This week, the International Raoul Wallenberg Foundation will present a 425 pages document with the interim result of their signature campaign to President Vladimir Putin, as well as to other leaders around the world and the United Nations. The ongoing ”100,000 Names for 100,000 Lives” campaign has already accumulated over 22,000 signatures in an effort to solve the mystery of Raoul Wallenberg.
Those who have signed include California Congressman Tom Lantos, who was personally saved by Raoul Wallenberg, Holocaust and Nazi occupation survivors, the United States Holocaust Memorial Museum, Ambassadors to the United States from Israel, Mexico, and Bulgaria, employees of IBM, Microsoft, and Forbes, members of the House of Representatives, the U.S. State Department, the American Jewish Committee, and intellectuals and academics from Columbia University, Cornell University, Dartmouth College, Duke University, Georgetown University, Harvard University, Howard University, Johns Hopkins University, MIT, Princeton University, Stanford University, University of California at Berkley, University of Chicago, University of Pennsylvania, and Yale University.
Sixty-one years ago, Raoul Wallenberg risked his life saving 100,000 lives from Nazi death camps, daring to directly oppose Adolf Hitler’s extermination plans in Hungary.
On January 17th 1945 he was seized by the Soviet Army and to this day his whereabouts and fate remain a mystery. The official Soviet line has always been that he suffered a heart attack and died in 1947. However, there are reports of people that met Wallenberg right into the 1970s and 1980s.
A joint Swedish-Russian Working group has been investigating the fate of Raoul Wallenberg for over a decade, however, Russian and Swedish members of the group could not agree on a common report of their findings.
The Swedish study emphasizes the lack of documentation of Wallenberg’s execution, but also offers evidence that Wallenberg may have been placed in a special prison, where prisoners were labeled with numbers rather than names, or may have even been placed in a mental institution. The Swedish report also notes that Moscow has denied researchers access to KGB intelligence files and former KGB officials refused to be interviewed.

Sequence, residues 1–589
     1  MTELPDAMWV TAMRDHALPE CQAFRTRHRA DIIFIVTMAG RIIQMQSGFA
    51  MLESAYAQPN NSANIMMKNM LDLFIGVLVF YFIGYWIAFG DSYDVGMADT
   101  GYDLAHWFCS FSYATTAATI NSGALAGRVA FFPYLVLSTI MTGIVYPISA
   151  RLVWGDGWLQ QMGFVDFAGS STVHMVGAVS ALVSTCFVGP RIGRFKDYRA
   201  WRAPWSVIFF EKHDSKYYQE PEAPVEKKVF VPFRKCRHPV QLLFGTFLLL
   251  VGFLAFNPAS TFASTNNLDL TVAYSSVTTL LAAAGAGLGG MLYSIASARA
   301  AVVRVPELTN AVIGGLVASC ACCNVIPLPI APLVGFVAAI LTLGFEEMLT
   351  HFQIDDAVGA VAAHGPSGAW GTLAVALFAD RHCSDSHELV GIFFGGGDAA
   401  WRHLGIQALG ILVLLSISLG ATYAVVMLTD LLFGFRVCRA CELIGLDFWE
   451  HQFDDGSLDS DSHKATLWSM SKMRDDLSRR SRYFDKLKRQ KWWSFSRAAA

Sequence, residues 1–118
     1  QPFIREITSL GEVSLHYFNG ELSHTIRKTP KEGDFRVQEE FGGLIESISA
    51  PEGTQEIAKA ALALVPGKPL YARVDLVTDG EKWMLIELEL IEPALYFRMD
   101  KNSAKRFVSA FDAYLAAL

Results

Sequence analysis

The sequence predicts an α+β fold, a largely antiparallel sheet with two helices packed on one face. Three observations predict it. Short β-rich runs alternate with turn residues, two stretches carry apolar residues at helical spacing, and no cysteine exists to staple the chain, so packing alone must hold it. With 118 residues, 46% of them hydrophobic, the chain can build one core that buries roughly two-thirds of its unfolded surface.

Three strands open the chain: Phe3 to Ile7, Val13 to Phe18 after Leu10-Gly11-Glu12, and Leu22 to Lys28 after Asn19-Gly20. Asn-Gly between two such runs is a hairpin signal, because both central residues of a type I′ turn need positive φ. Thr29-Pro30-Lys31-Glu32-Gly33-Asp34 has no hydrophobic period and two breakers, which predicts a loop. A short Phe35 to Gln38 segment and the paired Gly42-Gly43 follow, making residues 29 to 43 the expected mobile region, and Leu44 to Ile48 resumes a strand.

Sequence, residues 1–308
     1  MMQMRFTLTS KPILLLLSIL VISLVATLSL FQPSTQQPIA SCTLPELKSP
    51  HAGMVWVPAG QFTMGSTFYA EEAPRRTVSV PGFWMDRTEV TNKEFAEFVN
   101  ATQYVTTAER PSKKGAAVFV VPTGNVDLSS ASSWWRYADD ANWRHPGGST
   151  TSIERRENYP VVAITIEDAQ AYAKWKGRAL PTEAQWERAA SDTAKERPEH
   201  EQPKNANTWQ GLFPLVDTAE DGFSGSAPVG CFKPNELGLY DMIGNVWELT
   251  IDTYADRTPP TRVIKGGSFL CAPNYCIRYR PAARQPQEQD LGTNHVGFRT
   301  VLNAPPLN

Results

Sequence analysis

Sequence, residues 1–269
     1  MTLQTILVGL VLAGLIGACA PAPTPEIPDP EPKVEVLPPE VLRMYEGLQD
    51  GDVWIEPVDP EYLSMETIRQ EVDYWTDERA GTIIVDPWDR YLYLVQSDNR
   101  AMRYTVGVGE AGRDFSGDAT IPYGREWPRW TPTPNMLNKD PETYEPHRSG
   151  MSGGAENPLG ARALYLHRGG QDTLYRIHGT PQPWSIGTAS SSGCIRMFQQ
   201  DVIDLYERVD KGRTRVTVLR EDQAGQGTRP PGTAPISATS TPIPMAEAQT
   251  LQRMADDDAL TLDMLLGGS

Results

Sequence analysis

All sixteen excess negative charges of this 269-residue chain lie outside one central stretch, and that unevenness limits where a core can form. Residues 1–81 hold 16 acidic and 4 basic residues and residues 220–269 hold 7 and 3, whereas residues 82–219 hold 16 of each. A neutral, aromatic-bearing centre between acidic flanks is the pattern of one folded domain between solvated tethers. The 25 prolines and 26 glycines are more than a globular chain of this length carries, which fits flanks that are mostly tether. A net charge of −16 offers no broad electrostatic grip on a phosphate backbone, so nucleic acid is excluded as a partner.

The IRWF also recently launched the international campaign ”Let’s Bring Raoul Home,” which calls for distinguished personalities to write letters directly to Vladimir Putin, asking for the release of vital information on Wallenberg’s case. Letters have been written by Nobel Prize Laureates, Heads of State and Wallenberg’s family, but these letters have yet to generate a response from President Putin himself. Ambassadors’ answers to the IRWF’s letters to President Putin all offer the same unsubstantiated claim that Raoul Wallenberg died in the Soviet Union on July 17, 1947.
Now that the Soviet Union is no more, it is no longer a matter of shame for the Russians to tell the world what happened to Raoul. It is not too late. One person can solve this mystery: President Putin.
The International Raoul Wallenberg Foundation hopes that the signatures to be presented to Vladimir Putin, representing thousands of supporters to the Wallenberg case, will bring results in the form of a positive response from the President of Russia.